comparative, and the superlative. (Actually, only the comparative
and superlative show degrees.) We use the comparative for
comparing two things and the superlative for comparing three or
more things. Notice that the word than frequently accompanies the
comparative and the word the precedes the superlative. The
inflected suffixes -er and -est suffice to form most comparatives and
superlatives, although we need -ier and -iest when a two-syllable
Click on the "scary bear" to read and
adjective ends in y (happier and happiest); otherwise we usehear George Newall's "Unpack Your
and most when an adjective has more than one syllable. Adjectives" (from Scholastic Rock,
1975).
Schoolhouse Rock and its
characters and other elements are
trademarks and service marks of
American Broadcasting Companies,
Inc. Used with permission.

PositiveComparative Superlative
rich richer richest
lovely lovelier loveliest
beautifulmore beautiful most beautiful

Certainadjectiveshaveirregularformsinthecomparativeandsuperlativedegrees:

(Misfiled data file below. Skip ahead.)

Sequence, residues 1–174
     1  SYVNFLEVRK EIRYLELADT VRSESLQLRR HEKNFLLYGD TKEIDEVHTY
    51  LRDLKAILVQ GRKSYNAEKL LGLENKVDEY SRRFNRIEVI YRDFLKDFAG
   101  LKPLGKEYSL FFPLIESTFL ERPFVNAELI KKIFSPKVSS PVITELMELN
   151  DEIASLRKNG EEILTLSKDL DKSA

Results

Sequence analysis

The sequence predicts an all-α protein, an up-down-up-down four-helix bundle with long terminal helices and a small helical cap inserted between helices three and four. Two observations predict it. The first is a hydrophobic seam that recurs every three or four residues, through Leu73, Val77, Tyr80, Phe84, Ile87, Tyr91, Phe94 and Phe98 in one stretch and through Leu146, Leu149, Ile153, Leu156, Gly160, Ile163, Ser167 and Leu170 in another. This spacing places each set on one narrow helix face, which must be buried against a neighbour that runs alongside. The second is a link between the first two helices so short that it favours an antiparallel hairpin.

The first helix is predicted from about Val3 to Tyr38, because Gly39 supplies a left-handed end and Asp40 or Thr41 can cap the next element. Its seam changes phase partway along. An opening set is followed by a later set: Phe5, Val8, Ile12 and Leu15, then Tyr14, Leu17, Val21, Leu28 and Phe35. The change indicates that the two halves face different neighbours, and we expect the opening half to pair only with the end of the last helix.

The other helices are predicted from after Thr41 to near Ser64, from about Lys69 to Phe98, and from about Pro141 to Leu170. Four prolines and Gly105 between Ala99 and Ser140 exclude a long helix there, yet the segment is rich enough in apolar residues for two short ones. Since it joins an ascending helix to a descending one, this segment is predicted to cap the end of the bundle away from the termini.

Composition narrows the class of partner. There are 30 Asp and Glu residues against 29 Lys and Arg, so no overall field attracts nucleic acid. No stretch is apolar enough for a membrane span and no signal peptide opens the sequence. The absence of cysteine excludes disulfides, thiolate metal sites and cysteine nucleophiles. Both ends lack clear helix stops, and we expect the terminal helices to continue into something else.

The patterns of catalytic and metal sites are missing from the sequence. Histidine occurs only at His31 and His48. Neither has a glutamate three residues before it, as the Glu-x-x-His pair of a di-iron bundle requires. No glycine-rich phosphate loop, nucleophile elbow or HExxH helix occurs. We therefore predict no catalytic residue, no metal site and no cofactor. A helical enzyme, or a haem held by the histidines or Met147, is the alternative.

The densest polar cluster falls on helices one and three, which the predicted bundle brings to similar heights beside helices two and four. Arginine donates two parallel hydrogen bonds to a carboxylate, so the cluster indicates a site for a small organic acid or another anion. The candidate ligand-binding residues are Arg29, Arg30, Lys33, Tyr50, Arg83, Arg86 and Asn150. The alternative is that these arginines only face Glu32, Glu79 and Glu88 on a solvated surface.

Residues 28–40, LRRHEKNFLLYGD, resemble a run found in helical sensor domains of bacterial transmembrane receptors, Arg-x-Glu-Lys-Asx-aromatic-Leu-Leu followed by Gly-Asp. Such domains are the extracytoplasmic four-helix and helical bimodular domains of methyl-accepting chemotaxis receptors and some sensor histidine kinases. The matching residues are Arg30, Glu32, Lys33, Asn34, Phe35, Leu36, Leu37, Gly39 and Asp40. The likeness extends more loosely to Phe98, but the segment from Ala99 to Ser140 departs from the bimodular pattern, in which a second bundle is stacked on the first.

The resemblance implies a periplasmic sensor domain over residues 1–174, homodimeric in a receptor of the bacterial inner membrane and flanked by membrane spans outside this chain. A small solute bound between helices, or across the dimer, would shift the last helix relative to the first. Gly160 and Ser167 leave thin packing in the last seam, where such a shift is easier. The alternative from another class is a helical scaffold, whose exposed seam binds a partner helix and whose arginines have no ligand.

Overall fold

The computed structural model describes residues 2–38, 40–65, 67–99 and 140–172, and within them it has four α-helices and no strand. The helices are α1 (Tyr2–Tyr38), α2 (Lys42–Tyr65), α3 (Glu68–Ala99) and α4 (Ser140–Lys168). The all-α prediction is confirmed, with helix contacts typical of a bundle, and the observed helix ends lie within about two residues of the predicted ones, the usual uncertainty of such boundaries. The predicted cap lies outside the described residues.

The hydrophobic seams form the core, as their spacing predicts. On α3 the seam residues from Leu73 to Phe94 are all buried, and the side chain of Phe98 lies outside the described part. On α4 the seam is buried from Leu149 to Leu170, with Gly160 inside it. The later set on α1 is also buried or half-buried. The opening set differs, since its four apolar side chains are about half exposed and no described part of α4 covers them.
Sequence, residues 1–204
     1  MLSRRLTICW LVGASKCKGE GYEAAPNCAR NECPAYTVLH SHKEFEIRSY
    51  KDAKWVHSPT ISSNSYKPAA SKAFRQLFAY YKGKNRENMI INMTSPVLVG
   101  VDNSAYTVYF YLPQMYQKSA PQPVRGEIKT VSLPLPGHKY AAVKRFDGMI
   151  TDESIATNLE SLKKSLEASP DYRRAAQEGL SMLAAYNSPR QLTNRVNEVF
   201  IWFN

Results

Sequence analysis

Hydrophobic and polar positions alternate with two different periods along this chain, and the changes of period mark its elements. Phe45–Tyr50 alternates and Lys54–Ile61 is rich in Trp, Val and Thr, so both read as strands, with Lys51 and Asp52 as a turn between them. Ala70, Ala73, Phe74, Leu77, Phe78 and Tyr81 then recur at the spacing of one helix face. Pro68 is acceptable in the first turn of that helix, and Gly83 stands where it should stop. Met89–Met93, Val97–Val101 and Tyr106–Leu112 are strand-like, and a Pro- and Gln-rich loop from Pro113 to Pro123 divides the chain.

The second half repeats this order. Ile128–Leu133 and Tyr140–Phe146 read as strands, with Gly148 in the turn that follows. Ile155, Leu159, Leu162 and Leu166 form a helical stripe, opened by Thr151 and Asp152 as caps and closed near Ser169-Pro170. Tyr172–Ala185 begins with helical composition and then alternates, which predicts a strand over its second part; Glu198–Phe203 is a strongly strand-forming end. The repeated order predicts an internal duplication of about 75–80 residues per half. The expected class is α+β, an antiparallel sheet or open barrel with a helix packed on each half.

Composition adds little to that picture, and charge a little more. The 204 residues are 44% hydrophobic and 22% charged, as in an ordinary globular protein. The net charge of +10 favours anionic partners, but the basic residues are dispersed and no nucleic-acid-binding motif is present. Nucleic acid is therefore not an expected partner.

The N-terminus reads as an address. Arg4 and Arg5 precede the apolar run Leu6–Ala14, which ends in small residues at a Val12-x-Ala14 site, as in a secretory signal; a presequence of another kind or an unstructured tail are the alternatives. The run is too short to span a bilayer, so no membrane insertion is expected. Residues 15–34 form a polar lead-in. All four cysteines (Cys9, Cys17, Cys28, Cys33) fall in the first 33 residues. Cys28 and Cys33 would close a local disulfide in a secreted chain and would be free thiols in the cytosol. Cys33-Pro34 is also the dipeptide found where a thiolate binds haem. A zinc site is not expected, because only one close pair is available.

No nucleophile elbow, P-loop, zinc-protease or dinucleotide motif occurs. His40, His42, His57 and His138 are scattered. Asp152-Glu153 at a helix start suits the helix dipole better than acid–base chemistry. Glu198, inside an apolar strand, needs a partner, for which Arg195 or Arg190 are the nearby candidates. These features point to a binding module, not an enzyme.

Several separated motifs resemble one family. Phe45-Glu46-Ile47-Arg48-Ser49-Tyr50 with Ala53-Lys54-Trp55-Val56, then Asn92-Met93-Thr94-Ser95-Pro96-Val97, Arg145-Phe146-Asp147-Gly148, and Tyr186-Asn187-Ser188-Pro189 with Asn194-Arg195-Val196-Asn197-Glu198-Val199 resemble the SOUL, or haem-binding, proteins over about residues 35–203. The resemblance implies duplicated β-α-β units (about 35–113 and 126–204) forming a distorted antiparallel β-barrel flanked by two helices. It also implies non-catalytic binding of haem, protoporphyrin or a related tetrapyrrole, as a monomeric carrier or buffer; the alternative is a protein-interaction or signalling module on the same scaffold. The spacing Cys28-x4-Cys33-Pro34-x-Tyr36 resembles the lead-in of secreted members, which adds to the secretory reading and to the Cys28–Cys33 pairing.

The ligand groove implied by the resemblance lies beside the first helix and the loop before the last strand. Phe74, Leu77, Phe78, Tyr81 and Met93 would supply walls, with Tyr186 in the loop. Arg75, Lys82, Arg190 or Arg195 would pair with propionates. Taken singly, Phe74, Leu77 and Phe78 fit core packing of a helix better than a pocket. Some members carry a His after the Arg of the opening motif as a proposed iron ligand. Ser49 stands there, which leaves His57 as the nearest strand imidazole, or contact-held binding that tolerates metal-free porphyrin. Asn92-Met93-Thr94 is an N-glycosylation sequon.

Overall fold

Irregular Comparative and Superlative Forms


good better best
bad worse worst
little less least
much
many more most
some
far further furthest

Be careful not to form comparatives or superlatives of adjectives which already


express an extreme of comparison unique, for instance although it probably is
possibletoformcomparativeformsofmostadjectives:somethingcanbemoreperfect,and
someone can have a fuller figure. People who argue that one woman cannot be more
pregnantthananotherhaveneverbeenninemonthspregnantwithtwins.

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Grammar's Response

AccordingtoBryanGarner,"complete"isoneofthoseadjectivesthatdoesnotadmit
ofcomparativedegrees.Wecouldsay,however,"morenearlycomplete."IamsurethatI
havenotbeenconsistentinmyapplicationofthisprincipleintheGuide(Icanhearmyself,
now,sayingsomething like"less adequate" or"morepreferable" or"lessfatal").Other
adjectivesthatGarnerwouldincludeinthislistareasfollows:

impossible
principal
inevitable
stationary
irrevocable
sufficient
main unanimous
manifestunavoidable